A preferred provider organization (PPO) plan generally lets you get care out-of-network, but at a higher cost than if it was in-network care. A health maintenance organization (HMO) and exclusive provider organization (EPO) plan typically don’t pay for care outside of your provider network. In that case, you would have to pay for all of the out-of-network medical costs.
HMOs and EPOs are usually cheaper health insurance plans than a PPO, but lower premiums come with having to shoulder out-of-network costs without any help from the health insurance company. Be sure to take your time in reviewing your policy, so you fully understand the terms and conditions of your health care.
Here are a couple of points to keep in mind when thinking about out-of-network care:
- Out-of-network care will likely cost more than in-network care and an insurance plan may not contribute anything.
- Even if you’re in a PPO, your out-of-network coinsurance will likely be greater than your usual in-network coinsurance obligations.
All in all, coinsurance applies no matter what kind of insurance you have. The key is whether you’re paying in-network coinsurance or out-of-network coinsurance, since both entail different treatment and thus have different costs associated.
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Coinsurance Frequently Asked Questions
How is coinsurance different from a copay?
A copay is the charge you pay at the time of a visit, such as a primary care appointment or to see a specialist. The exact copay varies by health plan, but it could be $30 for a primary care visit and $60 to see a specialist.
Coinsurance is a percentage of costs you’re responsible for when you receive health care services. You pay coinsurance after you spend over your deductible with the health plan picking up the rest of the costs until you reach your out-of-pocket maximum.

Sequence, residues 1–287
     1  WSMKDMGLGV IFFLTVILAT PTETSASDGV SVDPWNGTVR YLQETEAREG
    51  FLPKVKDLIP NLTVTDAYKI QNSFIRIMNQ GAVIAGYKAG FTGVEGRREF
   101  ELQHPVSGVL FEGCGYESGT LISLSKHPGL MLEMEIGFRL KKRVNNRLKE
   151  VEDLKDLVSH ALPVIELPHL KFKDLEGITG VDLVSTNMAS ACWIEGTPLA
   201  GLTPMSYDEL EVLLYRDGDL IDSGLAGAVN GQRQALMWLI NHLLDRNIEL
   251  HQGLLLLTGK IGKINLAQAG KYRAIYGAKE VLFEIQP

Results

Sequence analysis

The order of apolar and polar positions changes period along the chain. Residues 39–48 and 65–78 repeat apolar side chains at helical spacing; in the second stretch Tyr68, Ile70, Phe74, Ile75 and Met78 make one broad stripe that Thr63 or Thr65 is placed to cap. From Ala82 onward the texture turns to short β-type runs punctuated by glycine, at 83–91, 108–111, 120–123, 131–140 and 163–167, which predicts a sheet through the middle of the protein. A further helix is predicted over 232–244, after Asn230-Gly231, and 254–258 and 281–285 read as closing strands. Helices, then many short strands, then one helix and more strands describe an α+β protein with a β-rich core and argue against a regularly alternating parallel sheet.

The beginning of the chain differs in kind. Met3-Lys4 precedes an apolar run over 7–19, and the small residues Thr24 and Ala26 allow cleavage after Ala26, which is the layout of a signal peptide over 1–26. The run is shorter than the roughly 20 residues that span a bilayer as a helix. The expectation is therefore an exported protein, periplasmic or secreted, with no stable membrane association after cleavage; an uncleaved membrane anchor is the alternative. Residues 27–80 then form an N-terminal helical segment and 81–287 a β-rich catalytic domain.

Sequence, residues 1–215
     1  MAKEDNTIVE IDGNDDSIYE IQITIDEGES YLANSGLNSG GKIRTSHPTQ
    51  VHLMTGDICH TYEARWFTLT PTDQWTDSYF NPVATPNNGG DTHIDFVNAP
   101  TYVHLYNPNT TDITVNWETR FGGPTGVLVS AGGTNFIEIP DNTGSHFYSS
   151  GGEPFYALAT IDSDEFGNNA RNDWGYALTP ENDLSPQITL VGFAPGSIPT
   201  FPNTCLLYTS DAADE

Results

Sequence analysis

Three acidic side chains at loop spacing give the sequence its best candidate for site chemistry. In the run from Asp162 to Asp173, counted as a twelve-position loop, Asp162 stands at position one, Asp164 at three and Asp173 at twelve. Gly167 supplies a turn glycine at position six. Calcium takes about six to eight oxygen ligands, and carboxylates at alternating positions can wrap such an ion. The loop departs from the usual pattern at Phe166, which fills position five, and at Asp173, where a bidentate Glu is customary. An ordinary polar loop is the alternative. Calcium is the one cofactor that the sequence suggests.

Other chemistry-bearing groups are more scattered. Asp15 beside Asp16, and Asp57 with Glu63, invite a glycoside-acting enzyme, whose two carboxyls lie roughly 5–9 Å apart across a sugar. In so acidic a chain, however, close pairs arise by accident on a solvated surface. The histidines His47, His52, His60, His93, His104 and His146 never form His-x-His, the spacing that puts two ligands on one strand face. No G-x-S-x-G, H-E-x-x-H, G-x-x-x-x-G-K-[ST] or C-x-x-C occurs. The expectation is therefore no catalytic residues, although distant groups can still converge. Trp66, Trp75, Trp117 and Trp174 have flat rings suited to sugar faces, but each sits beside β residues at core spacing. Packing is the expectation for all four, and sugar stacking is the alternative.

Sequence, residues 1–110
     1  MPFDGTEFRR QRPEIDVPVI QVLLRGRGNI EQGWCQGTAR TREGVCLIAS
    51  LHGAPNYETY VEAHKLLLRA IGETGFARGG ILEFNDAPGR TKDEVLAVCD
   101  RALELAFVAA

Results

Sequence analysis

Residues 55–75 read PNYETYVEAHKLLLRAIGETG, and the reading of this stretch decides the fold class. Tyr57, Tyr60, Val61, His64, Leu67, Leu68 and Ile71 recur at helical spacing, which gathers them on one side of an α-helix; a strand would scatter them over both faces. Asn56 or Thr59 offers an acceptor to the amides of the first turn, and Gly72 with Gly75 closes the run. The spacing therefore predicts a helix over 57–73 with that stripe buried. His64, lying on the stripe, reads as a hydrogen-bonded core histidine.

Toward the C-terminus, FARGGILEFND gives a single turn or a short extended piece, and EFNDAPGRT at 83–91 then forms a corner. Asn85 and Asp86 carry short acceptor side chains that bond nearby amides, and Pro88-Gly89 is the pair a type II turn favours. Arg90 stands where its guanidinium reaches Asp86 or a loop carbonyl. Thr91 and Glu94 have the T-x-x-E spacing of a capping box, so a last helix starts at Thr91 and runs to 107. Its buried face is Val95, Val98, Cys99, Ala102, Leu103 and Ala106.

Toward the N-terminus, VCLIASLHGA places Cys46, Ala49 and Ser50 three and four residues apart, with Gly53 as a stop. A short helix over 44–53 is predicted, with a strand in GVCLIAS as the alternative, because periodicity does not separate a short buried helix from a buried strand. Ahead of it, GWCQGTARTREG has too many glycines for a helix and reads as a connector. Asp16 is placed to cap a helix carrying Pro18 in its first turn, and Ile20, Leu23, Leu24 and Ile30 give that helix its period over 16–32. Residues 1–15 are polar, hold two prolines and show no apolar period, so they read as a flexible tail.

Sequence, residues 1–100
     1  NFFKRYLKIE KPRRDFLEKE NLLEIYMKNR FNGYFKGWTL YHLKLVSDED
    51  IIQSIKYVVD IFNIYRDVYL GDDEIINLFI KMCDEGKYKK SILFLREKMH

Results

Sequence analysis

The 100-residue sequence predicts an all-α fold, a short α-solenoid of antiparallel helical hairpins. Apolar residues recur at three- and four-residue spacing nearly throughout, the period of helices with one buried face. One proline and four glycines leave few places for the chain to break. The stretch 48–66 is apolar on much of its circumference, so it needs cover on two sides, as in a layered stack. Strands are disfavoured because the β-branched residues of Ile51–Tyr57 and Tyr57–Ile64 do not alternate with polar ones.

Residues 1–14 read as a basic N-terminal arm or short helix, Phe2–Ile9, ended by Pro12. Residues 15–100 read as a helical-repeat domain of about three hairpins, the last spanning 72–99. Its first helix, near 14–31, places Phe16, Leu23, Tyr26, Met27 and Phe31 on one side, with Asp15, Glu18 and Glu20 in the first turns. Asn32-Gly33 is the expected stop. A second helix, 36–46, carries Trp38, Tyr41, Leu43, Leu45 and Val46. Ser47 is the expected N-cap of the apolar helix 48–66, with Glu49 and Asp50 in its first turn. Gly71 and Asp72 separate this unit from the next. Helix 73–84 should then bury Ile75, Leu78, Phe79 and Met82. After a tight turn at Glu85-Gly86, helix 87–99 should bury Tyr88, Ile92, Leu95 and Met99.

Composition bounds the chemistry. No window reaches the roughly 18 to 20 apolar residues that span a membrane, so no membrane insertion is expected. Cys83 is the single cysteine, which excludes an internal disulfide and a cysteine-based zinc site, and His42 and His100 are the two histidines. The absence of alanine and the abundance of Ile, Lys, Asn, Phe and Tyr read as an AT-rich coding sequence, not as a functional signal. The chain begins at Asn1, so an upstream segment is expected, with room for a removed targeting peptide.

How is coinsurance different from a deductible?
A deductible is what you pay for health care services over a year before the health plan kicks in money for your care.
This applies regardless of whether you are going for a simple doctor visit or headed into a more complex surgical procedure. For example, if your policy has a $2,500 deductible, you need to pay up to that amount before your insurance policy’s coverage kicks in to pay its share.
Once you reach the deductible, coinsurance kicks in and you pay a portion of costs.
Is a health plan’s deductible or coinsurance more important?
Both your health plan’s deductible and coinsurance are vital to your wallet, but many people may not reach their annual deductible so they don’t have to worry about coinsurance.
A deductible is the amount you must reach for health care costs before your health plan pays a percentage. Even though your insurance company splits this cost with you, coinsurance is still an additional payment you will need to make.
Pay close attention to your plan’s deductible because this dictates what you have to pay before your insurance coverage will kick in and help foot the bill. When you have a higher deductible, it typically means that you pay lower premiums. That may not be the best bet if you end up needing serious and expensive care, so be sure to weigh your deductible heavily when considering the best health insurance for you.
Make sure to check out your plan’s out of pocket maximum, too. That will tell you the most you may pay for in-network health care services over a year.